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The beauty of Big Time – and a dialogue request

I was going to talk dialogue this week, only then I noticed the date. The last Friday of August, a tipping point for the year. The last golden breath of summer. The last week of vacation, before:

  • Return to school
  • Blackberry collecting
  • Apple scrumping
  • Hello again to socks
  • Hedges gather little jewels of purple and red (haws, sloes, damsons, crabapples, all of which are abundant near me)
  • Tints of yellow in the leaves
  • The long poles of cow parsley have dried out

I live rurally in the fine county of Oxford and – if you have the misfortune to live anywhere else at all – my experience of late summer and early autumn will be different from yours. So, I don’t know, if you live in Australia, you probably associate this season with even more massive spiders than usual, yellow dust storms that last a month, the croc vs kangaroo Olympics, and the chatter of wallabies high up in the eucalyptuses. (Disclosure: I have never been to Australia, but I’m pretty sure I’ve got the country nailed.)

Now we’re talking about time this week, but first a little announcement:

Dialogue

We’ll talk about dialogue next week, and we’ll do that via your own submissions.

Give me some chunks of dialogue to examine next week. Here are the rules:

  1. Drop your offerings into the comments below this post.
  2. Max 300 words per submission, please.
  3. One submission per person.
  4. Make sure you give us a line or two of explanation first off, so we can understand the context of your scene.
  5. Don’t email me anything. If it ain’t on Townhouse, I ain’t looking at it. 
  6. If you pop anything in the comments below, I'm gonna assume you're OK me RIPPING YOUR WORK APART MERCILESSLY IN PUBLIC. If you're not, then keep your tin hat on and your head below that sandbag parapet.
  7. Specifically, your work and my comments on it may appear in an email to a lot of people, here on Townhouse and potentially one day in a book. If you don't want that happen, then please see above in relation to tin hats and parapets.

I only pick work that I basically like, though, so if I pick your work, you're doing OK.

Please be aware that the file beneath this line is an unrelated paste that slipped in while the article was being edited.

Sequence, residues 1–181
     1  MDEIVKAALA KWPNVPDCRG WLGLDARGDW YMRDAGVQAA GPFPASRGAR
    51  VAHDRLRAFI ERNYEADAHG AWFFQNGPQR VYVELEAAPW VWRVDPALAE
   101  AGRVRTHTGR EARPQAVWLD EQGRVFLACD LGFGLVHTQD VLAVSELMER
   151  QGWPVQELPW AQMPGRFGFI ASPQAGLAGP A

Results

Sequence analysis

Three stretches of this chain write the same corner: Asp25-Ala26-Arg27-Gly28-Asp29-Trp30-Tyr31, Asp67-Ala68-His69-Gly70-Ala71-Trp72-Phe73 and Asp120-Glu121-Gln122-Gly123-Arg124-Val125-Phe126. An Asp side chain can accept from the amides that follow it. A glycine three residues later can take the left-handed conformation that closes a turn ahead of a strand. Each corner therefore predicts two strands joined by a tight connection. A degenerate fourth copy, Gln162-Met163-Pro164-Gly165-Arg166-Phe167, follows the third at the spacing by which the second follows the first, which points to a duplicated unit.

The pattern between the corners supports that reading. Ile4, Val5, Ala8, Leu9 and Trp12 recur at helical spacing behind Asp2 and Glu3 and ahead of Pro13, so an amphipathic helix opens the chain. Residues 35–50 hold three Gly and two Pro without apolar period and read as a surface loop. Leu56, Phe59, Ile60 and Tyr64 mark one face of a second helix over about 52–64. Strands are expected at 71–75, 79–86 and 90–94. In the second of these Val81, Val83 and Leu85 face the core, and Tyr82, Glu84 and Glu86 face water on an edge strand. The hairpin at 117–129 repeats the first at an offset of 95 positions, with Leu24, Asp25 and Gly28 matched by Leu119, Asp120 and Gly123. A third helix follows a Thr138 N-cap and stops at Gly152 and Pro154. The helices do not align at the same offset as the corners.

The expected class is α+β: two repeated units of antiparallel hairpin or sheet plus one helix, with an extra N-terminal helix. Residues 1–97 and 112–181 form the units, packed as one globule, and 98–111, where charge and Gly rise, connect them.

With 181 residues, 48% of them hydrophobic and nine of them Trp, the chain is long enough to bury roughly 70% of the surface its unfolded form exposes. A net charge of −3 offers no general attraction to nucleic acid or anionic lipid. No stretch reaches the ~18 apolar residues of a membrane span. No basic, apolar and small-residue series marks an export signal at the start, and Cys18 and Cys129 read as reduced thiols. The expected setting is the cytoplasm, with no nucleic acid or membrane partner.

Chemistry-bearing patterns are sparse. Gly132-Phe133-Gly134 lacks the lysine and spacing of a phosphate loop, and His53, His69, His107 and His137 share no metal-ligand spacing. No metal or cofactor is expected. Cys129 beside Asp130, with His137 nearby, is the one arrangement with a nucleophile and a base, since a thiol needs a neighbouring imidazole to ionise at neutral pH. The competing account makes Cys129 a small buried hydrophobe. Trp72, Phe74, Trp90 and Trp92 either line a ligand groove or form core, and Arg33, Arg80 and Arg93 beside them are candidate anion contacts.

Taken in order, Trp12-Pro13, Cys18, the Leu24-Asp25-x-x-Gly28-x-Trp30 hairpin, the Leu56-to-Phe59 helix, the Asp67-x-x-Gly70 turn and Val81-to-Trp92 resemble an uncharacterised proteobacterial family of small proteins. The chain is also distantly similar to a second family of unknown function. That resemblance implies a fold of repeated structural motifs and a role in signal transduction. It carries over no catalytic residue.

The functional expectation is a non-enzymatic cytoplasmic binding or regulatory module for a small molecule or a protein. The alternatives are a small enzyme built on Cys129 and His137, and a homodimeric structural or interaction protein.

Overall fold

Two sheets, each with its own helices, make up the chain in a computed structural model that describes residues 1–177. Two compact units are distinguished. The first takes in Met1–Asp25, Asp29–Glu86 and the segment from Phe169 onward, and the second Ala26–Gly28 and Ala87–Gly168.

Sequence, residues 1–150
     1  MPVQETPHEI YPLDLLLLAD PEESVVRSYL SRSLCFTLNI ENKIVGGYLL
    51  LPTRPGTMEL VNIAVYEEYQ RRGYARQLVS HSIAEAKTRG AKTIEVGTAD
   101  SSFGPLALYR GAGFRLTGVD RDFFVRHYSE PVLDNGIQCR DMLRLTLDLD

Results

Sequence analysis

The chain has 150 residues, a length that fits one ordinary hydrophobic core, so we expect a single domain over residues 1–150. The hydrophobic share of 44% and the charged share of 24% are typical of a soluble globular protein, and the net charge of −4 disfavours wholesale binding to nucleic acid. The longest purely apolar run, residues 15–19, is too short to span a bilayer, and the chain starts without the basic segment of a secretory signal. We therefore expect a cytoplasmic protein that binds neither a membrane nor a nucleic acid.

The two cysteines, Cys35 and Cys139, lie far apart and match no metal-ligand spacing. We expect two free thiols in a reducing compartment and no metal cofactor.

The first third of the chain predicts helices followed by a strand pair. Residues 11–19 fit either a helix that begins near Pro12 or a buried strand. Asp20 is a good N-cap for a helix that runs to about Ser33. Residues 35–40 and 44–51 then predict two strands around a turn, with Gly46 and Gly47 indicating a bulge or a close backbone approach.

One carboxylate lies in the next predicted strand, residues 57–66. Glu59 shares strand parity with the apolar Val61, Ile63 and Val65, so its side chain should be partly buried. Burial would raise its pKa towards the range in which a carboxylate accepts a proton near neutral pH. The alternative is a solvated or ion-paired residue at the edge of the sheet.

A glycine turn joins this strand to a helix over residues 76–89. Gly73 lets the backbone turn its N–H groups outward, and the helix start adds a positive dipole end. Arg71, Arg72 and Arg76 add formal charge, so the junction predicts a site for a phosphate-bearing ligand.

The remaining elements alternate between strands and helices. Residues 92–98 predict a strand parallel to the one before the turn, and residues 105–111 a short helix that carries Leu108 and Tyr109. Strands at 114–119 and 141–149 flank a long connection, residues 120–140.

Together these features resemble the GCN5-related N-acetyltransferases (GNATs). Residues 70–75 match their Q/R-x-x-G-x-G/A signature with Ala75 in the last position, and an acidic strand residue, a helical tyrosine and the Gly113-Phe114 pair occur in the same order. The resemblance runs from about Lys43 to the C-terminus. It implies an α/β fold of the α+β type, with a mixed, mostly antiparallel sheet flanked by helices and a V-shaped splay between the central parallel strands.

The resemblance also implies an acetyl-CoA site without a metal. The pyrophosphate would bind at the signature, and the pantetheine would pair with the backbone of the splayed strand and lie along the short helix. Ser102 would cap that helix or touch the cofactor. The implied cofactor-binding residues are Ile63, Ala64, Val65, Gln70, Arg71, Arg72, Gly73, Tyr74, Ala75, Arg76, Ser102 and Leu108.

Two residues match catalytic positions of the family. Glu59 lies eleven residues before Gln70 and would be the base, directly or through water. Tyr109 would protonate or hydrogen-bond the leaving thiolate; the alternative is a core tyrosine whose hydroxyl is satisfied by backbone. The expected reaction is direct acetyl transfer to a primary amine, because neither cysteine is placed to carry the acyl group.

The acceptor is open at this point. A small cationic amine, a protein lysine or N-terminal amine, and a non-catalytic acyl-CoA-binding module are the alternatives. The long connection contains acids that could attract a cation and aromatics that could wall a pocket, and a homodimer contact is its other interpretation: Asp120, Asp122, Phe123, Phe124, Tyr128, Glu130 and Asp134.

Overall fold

Okiedoke ...

Now back to time:

Movies struggle with Big Time. They can do day to day stuff easily. We see a character going to bed. We see them eating a croissant and drinking coffee. The audience easily conjectures that this is the morning after. Boof.

But Big Time? For movies, that’s hard. The old Hitchcock era movies used to handle those things by pages flipping off a wall calendar, shots of the changing seasons. (Wind! The universal signal of autumn. Snow! The universal signal of winter. And so on.)

Now all that’s a bit crass, a bit heavy. These days, movie makers attempt something slicker, even if it’s just a caption at the bottom of the screen or a speeded-up, CGI of the wind-snow-crocuses model of passing time.

You, a novelist, don’t have the same problem. If you want to tell the reader it was two years later, you can just say “Two years passed.” That’s simple, clean narration. It doesn’t have that CGI, calendar flying clunkiness. No one will resent your simple captioning.

But time offers so much more. It’s not a problem to be dealt with, but a dimension to be embraced. Think of it like place, a silent character, a huge extra richness in your broth.

Here are some examples of how you can use it – but there are a million more. Think of these examples as mere appetite prompters.

Cold Time

Changes in weather is a technique so obvious, it could come close to a flipping calendar in terms of crassness. But it really doesn’t have to be like that. The novel of mine that made most use of the weather was Love Story, with Murders. There, I carefully seeded the earlier chunks of the book with hints of chill and forecasts of something much colder on the way.

Then, before the cold had actually arrived, my character was fussing around with giant red snow shovels and the like, but in a context where those things felt odd and out of place.

Then – the snow arrived. Canadian levels of snow and cold in a country that doesn’t normally get much of either. The snow wrought huge changes in the landscape, but also in Fiona’s life.

Alone in a remote cottage with inadequate provisions, she is forced to adapt her diet:

Make tea. There’s nothing herbal here, so I make do with a regular tea-bag. No milk either, so just brew a pint of hot, black tea in a huge pottery mug. Contrary to my usual habit, I add sugar, to take away the taste of the metallic mountain water, the strongly tannined tea. It tastes like sweetened bog-water, but is nevertheless somehow welcome. A comfort against the cold.

That’s not strictly about either weather or time, and yet it is both. By compelling us to register change, we notice both the cold and the time. And those changes register not just in feelings-of-being-chilly and making-of-log-fires, but also in unexpected ways – earthenware cups and sweet, tannined tea. Time and the cold become multidimensional: they disrupt habits, force giant earthenware cups into our hands, change the taste of tea.

And then, of course, time and the story proceed.

Fiona almost dies in the cold. And then the snow melts, and she encounters her normal landscape, post-snow with its dirty urban water and gritted streets.

Because the changes of weather were viscerally felt by the character herself, the timescape in the book also registered acutely. And the felt passage of time is so close to the actual experience of story, the reader ends up having a deeper experience than they otherwise would. It’s kind of magical, but it definitely happens.

Big Time

My Lieutenant’s Lover began a love story in St Petersburg in 1917 – separated the characters for a quarter of a century – then brought them together again in post-War Berlin.

Any love story needs to achieve the ache of longing, and there are probably more subtle techniques than the one I used. But dropping two world wars, one revolution, plenty of gulag, and a thousand miles of separation between the two characters certainly did the trick. A character only had to glance back over that past – a sentence, two sentences – for the reader to feel the scale of the loss and the longing.